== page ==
A couple of years ago Drum made the Lego ad break. They reconstructed an entire ad break out of Lego, remaking popular ads of the time piece by piece. It was an effective piece of communication driving opening weekend box office takings of the The Lego Movie beyond expectations and it was also a great piece of entertainment in its own right that has been watched millions of times.

Drum have just used this approach again to promote the Lego Batman film. Lego Batman took over the continuity announcements on Channel 4 which meant that their target audience heard about the campaign from the media that they usually consume – they didn’t have to seek it out.  It made Batman as relevant to film lovers in their 30s and 40s as it is to kids. 40% of the population saw Batman continuity announcements in just 4 days and 1 in 6 booked to see the movie as a result.

Check it out here.

Luke acknowledges that Drum has the advantage of being part of a larger organisation and therefore has access to large data sets. “For example, if we know that someone has just bought a pair of shoes then they are unlikely to buy another pair of shoes, so advertising more shoes to the shoe buyer isn’t a good idea. However, they might well be in the market for a leather cleaner, so advertising that is a much better idea! Data can show us all sorts of things now and using the data available to understand your customers unmet needs, identify trends and solve problems can be a competitive advantage.”

Innovation is bloody hardpeople are addicted to certainty but certainty kills creativity

For Luke and his colleagues the biggest barrier to making innovation happen is budget restraints versus creative ideas that you can’t prove are going to work. Certainty kills creativity because you can never guarantee that something new is going to work.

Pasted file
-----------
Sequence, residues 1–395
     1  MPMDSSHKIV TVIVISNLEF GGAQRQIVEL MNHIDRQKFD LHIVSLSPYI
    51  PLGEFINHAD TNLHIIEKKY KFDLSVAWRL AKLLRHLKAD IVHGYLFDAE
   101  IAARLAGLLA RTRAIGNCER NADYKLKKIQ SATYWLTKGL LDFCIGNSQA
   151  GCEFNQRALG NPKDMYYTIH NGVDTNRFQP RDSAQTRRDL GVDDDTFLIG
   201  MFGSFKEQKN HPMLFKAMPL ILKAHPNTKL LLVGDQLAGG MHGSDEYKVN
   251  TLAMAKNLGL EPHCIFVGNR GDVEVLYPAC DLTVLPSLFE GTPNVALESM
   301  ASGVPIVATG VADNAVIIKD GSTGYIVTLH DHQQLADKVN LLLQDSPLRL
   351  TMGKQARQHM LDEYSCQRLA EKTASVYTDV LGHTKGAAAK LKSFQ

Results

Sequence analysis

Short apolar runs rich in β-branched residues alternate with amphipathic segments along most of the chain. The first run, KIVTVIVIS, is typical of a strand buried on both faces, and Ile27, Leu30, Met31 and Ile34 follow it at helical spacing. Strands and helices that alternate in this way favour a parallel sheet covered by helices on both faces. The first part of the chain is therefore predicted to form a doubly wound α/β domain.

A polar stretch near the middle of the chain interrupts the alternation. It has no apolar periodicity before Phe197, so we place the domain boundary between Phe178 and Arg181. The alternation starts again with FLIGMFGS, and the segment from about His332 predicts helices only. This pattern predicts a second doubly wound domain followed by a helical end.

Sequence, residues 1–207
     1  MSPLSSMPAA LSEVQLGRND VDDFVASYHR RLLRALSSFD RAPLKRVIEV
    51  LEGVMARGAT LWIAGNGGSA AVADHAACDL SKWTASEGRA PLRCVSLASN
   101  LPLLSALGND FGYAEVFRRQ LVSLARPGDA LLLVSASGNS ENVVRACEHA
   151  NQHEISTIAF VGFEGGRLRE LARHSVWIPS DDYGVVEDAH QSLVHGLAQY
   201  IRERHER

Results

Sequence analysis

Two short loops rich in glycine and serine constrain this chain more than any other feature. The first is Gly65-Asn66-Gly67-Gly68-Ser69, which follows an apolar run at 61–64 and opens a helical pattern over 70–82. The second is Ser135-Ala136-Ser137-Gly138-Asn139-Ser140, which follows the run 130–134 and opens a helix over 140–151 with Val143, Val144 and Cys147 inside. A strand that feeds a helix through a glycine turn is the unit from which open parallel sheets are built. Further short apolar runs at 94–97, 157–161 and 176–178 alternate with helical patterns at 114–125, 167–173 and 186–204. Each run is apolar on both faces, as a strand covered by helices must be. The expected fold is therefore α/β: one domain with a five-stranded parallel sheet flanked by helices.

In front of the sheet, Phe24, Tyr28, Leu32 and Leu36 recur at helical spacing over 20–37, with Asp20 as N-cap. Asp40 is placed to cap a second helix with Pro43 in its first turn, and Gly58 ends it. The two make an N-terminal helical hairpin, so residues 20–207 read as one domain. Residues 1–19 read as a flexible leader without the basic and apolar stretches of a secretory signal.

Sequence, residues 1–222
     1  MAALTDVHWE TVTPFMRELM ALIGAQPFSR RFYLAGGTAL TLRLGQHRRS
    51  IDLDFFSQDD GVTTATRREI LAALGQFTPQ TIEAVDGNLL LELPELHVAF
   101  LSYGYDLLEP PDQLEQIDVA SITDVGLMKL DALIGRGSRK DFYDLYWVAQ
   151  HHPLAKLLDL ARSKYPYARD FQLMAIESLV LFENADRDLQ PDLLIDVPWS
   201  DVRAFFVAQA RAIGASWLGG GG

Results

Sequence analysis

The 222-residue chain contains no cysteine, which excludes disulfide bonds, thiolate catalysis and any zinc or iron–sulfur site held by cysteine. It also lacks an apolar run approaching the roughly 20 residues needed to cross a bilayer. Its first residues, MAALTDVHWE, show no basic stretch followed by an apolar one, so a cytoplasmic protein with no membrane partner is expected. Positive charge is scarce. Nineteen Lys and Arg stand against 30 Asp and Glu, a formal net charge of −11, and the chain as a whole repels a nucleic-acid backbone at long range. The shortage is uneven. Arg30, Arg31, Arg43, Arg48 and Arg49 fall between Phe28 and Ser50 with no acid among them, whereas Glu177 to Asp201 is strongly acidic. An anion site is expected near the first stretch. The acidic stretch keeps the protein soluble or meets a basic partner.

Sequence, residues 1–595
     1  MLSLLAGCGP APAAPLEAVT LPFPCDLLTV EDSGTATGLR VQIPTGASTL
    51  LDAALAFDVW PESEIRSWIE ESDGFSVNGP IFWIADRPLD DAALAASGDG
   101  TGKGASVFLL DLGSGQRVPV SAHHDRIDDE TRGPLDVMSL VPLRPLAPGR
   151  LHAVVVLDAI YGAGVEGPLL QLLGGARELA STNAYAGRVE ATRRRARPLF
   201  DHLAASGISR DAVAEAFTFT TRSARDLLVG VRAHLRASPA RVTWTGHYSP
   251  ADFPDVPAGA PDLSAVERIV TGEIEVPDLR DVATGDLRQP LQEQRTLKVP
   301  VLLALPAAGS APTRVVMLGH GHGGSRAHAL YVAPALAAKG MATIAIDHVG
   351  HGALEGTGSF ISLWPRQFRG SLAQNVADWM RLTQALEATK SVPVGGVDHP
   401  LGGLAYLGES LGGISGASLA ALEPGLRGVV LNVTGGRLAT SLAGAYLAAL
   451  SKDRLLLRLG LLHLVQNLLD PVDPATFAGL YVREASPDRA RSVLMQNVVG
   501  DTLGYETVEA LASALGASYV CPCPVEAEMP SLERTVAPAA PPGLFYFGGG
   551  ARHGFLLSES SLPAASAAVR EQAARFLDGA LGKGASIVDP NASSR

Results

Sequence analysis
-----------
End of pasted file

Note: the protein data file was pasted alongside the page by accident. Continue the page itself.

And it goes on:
Another challenge is bringing people alongside the changes that are needed in a business to enable the idea or innovation happen.

This means that for successful innovation getting the right mix of talent is really key. If you only recruit in your own image you won’t achieve the breakthroughs that you need to achieve. Innovation requires a democracy of ideas to enable excellence. There is a requirement for different experiences, backgrounds and skills to be able to create something really creative. Opening minds to take risks with different people and not always traveling the known road is vital for both Drum and their clients.

Innovation is not straightforward and requires leadership and Luke believes that an innovation leader must have the following qualities.

  • Avoid using the “I’m the Boss and we’re doing it my way” card.
  • Acknowledging problems – because pretending they aren’t there creates an atmosphere where people feel they can’t talk about difficulties.
  • Being able to steer people and encourage them to solve their own problems without stifling their views.
  • Listening and focusing on saying less, yet knowing where to intervene
  • Humility, being aware of your own weaknesses and not being afraid of saying when you have made a mistake

Just because you can, it doesn’t mean you should

Luke’s other innovation advice is just because you can, it doesn’t mean you should. Companies create clever widgets and gadgets that people just aren’t ready for or don’t need. There is a balance. Innovation needs to be something that people want. It needs to benefit people’s lives or to solve a problem. Just because it’s new doesn’t mean that it’s automatically something that people are excited about.

Luke’s advice to anyone wanting to improve their creativity and innovation skills is to read Creativity Inc. We agree – we wrote a blog inspired by it a while ago.

If you’d like to learn more insights from other successful innovators check out the new Innovation Leadership Launchpad – a mix of case stories and practical tips to help you innovate. Order your free copy straight into your inbox today.